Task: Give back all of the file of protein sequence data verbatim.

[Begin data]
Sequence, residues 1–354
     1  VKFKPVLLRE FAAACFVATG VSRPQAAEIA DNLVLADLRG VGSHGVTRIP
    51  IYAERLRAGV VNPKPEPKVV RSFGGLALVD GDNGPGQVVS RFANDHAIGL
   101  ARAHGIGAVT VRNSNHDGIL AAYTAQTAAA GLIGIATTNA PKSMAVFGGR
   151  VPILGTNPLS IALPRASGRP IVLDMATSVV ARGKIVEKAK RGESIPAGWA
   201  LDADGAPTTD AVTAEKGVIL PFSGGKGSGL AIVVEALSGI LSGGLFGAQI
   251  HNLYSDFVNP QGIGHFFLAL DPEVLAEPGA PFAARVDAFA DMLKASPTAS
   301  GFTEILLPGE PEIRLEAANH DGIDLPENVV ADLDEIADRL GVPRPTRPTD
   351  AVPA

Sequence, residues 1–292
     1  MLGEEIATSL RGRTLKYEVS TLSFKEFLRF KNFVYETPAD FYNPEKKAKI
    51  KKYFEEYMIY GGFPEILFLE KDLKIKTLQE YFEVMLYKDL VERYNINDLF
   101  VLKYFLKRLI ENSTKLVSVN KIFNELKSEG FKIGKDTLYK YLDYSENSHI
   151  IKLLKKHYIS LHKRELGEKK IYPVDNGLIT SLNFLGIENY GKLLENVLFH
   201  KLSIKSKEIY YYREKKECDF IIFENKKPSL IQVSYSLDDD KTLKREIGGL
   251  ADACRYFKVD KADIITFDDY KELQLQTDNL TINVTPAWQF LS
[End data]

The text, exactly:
Sequence, residues 1–354
     1  VKFKPVLLRE FAAACFVATG VSRPQAAEIA DNLVLADLRG VGSHGVTRIP
    51  IYAERLRAGV VNPKPEPKVV RSFGGLALVD GDNGPGQVVS RFANDHAIGL
   101  ARAHGIGAVT VRNSNHDGIL AAYTAQTAAA GLIGIATTNA PKSMAVFGGR
   151  VPILGTNPLS IALPRASGRP IVLDMATSVV ARGKIVEKAK RGESIPAGWA
   201  LDADGAPTTD AVTAEKGVIL PFSGGKGSGL AIVVEALSGI LSGGLFGAQI
   251  HNLYSDFVNP QGIGHFFLAL DPEVLAEPGA PFAARVDAFA DMLKASPTAS
   301  GFTEILLPGE PEIRLEAANH DGIDLPENVV ADLDEIADRL GVPRPTRPTD
   351  AVPA

Sequence, residues 1–292
     1  MLGEEIATSL RGRTLKYEVS TLSFKEFLRF KNFVYETPAD FYNPEKKAKI
    51  KKYFEEYMIY GGFPEILFLE KDLKIKTLQE YFEVMLYKDL VERYNINDLF
   101  VLKYFLKRLI ENSTKLVSVN KIFNELKSEG FKIGKDTLYK YLDYSENSHI
   151  IKLLKKHYIS LHKRELGEKK IYPVDNGLIT SLNFLGIENY GKLLENVLFH
   201  KLSIKSKEIY YYREKKECDF IIFENKKPSL IQVSYSLDDD KTLKREIGGL
   251  ADACRYFKVD KADIITFDDY KELQLQTDNL TINVTPAWQF LS